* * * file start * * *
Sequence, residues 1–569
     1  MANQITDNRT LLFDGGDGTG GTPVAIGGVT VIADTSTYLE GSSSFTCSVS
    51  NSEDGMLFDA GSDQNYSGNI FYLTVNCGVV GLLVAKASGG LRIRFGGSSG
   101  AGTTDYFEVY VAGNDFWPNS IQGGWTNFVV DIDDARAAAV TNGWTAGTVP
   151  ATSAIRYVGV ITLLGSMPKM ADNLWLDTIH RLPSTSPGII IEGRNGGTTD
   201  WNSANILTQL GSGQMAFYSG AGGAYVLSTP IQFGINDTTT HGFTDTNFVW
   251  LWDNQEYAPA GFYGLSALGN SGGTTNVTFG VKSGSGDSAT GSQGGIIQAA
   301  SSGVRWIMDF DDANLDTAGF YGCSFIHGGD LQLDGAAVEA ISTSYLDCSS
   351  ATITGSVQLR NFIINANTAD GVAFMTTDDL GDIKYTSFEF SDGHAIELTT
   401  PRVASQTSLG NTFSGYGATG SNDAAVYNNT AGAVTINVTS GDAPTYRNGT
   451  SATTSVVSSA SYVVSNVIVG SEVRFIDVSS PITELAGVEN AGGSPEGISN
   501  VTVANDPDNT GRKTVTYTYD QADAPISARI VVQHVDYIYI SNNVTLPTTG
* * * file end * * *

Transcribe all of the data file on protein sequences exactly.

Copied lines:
Sequence, residues 1–569
     1  MANQITDNRT LLFDGGDGTG GTPVAIGGVT VIADTSTYLE GSSSFTCSVS
    51  NSEDGMLFDA GSDQNYSGNI FYLTVNCGVV GLLVAKASGG LRIRFGGSSG
   101  AGTTDYFEVY VAGNDFWPNS IQGGWTNFVV DIDDARAAAV TNGWTAGTVP
   151  ATSAIRYVGV ITLLGSMPKM ADNLWLDTIH RLPSTSPGII IEGRNGGTTD
   201  WNSANILTQL GSGQMAFYSG AGGAYVLSTP IQFGINDTTT HGFTDTNFVW
   251  LWDNQEYAPA GFYGLSALGN SGGTTNVTFG VKSGSGDSAT GSQGGIIQAA
   301  SSGVRWIMDF DDANLDTAGF YGCSFIHGGD LQLDGAAVEA ISTSYLDCSS
   351  ATITGSVQLR NFIINANTAD GVAFMTTDDL GDIKYTSFEF SDGHAIELTT
   401  PRVASQTSLG NTFSGYGATG SNDAAVYNNT AGAVTINVTS GDAPTYRNGT
   451  SATTSVVSSA SYVVSNVIVG SEVRFIDVSS PITELAGVEN AGGSPEGISN
   501  VTVANDPDNT GRKTVTYTYD QADAPISARI VVQHVDYIYI SNNVTLPTTG